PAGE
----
"...each day sees the restoration of another animal, a sparrow, just now a sleepy wasp; and, at twilight, the skunk pokes out of the den, anxious for mates and meals..." (Jane Kenyon).
Thank you, Hannah Cyrus, from Blue Hill Public Library for sharing some of your favorite spring poems with us for this trail.
Story Hour Trail at Patten Stream
Walk the south loop along the stream at the Patten Stream Preserve and read a wonderful story about alwives swimming home. In the next couple of weeks keep an eye out for the alewives themselves! Stop by one of the waterfalls and look closely.
Phenology Trail and Citizen Science Opportunity
Hundred Acre Woods is a part of the Downeast Phenology Trail, a research project with the Schoodic Institute. Participate in this fun Citizen Science project through the Nature’s Notebook App, which can be downloaded onto your smart phone or device. Click here for instructions: Nature’s Notebook Instructions.
A fun way to connect with the Land and with the changing seasons is to observe phenology: the study of seasonal plant and animal life cycles.
Buds, at this time of year offer a great starting point to watch a plant’s rhythms unfold. There are so many complex and beautiful differences among plant species. Long and sticky, stout and furry, scarlet red, small and bumpy. Go for a scavenger hunt for buds this season and along the way learn how to identify plants without their leaves or flowers, connect with plant life cycles, and revel in the mystery of every delicate beginning of life.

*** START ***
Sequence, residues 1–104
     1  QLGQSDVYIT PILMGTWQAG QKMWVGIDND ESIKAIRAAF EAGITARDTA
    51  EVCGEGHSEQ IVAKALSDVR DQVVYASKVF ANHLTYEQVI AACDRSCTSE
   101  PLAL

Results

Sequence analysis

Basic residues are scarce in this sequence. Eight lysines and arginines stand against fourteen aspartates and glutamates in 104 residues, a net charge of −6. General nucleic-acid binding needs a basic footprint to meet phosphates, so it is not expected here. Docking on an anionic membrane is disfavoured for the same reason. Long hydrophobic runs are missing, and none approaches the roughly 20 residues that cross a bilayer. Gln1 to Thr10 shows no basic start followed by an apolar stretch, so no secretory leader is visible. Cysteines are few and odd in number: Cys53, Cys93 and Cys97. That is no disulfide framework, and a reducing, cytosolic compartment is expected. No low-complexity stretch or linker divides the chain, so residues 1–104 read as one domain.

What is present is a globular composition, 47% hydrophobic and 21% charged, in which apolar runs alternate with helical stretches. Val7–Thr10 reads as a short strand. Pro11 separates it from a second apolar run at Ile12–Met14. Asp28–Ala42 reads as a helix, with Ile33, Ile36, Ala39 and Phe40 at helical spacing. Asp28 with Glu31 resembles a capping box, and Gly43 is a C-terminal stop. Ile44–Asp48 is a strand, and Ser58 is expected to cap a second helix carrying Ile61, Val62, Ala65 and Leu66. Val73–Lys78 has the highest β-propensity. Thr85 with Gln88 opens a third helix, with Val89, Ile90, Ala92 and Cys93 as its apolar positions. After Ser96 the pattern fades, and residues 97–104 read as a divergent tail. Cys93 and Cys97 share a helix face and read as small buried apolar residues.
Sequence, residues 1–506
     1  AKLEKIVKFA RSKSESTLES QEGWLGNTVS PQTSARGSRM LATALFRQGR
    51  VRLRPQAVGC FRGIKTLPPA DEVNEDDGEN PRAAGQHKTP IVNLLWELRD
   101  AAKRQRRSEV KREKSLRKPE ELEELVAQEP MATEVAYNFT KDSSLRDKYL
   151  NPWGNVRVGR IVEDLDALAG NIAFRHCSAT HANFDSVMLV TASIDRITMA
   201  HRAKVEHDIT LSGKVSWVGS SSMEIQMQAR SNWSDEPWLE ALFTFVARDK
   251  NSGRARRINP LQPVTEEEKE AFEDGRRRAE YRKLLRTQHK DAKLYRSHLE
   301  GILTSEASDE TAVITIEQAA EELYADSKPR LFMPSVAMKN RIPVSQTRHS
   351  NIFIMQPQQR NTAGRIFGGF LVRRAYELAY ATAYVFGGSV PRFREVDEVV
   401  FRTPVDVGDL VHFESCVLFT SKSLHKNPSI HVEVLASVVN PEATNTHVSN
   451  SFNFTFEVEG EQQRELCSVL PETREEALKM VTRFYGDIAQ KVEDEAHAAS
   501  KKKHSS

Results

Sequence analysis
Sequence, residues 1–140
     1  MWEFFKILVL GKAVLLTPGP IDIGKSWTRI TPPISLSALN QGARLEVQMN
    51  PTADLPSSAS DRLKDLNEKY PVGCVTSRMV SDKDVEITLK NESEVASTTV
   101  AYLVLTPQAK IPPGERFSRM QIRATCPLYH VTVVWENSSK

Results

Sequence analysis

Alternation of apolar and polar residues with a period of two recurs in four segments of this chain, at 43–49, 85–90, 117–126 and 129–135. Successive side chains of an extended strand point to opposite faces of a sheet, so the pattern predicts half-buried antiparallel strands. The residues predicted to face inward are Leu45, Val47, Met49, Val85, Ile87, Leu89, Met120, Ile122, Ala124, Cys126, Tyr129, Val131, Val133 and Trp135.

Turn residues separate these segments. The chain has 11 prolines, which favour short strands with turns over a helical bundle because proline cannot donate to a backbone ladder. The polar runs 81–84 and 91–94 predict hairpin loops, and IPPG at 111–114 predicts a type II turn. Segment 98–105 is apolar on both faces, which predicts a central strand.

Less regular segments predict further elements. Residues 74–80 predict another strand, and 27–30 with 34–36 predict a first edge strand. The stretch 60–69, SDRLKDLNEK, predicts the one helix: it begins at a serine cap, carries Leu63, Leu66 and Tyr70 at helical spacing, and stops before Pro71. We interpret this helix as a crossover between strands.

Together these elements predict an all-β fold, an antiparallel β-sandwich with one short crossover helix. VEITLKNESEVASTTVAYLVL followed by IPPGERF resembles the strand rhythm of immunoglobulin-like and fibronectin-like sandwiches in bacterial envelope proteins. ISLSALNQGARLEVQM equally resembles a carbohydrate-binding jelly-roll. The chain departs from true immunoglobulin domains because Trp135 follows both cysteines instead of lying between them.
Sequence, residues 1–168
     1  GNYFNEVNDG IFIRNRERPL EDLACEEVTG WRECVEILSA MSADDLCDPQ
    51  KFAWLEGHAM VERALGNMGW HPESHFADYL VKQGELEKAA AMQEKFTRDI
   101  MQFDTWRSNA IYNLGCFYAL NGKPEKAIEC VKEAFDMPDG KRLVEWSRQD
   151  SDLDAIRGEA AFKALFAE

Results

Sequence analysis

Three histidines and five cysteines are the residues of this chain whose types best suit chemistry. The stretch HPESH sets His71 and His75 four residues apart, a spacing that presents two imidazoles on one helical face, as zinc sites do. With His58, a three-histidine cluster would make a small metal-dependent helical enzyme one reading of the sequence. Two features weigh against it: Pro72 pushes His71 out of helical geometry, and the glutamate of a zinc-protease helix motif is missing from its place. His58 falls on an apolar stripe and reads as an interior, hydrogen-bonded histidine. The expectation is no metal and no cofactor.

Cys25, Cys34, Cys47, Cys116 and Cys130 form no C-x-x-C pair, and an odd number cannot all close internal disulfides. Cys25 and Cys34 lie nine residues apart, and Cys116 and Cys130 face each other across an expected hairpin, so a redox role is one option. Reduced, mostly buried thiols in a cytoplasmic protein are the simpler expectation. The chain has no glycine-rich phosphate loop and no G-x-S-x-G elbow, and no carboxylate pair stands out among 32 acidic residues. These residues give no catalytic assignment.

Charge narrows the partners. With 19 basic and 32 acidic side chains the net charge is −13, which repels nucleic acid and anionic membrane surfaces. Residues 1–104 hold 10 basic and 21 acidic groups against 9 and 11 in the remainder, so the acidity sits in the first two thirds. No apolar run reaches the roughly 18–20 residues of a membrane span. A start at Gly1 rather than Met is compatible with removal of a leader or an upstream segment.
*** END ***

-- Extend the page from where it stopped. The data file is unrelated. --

- Nanny Berry Viburnum lentago
- Balsam Poplar Populus balsamifera
- American Beech Fagus grandifolia
- Lilac Syringa vulgar
- Northern Bayberry Myrica pensylvanica
Fantastical Fungi: The Magic Beneath Us
WATCH HERE (costs $4.99 to rent)
When so many are struggling for connection, inspiration and hope, Fantastic Fungi brings us together as interconnected creators of our world. Directed by Louie Schwartzberg.
Outdoor Essays from BHHT Staff
Forestry Highlights Spring 2020 by Sandy Walczyk, BHHT Forester
A Collection of Essays by Hans Carlson, BHHT Executive Director
For the Adults!
Written Seminar on the Schoodic to Schoodic (S2S) ecological corridor, taught by Ben Emory- Four written pieces on the Schoodic to Schoodic (S2S) ecological corridor, will be distributed weekly through April. These substitute for the Acadia Senior College course I was to teach this month at the Wendell Gilley Museum in Southwest Harbor and, hopefully, will be interesting, enrich, and distract during a difficult spring. Although now circulated to a wider audience, these, nonetheless, are tailored to the Acadia Senior College community — older people living in Hancock County, Maine, with varied backgrounds, interests, and levels of knowledge about conservation topics.
The final two pages of document #1 present a short article already distributed to registrants for the original course and to some others. Now that this will circulate more widely, some readers will not have seen the article I wrote three years ago for Northern Woodlands magazine (a favorite of mine!). If you have not already read my piece on Schoodic to Schoodic in Northern Woodlands, you may find turning to it first a helpful introduction.
Comments, questions, and corrections of any errors are welcome. For those who don’t know me, my bio is on page 10. I am honored by your interest in these written pieces, and I salute Acadia Senior College for all it does to enrich lives in our part of Maine.
Ben Emory (To ask Ben questions about these “classes” you can email him here: firstname.lastname@example.org.)
“Transforming Crisis”- A self-directed course from Dianna Emory based upon current writing and her earlier book, “Bonding with Nature.”
Thru Hike Webinar with Carey Kish, writer for the Portland Press Herald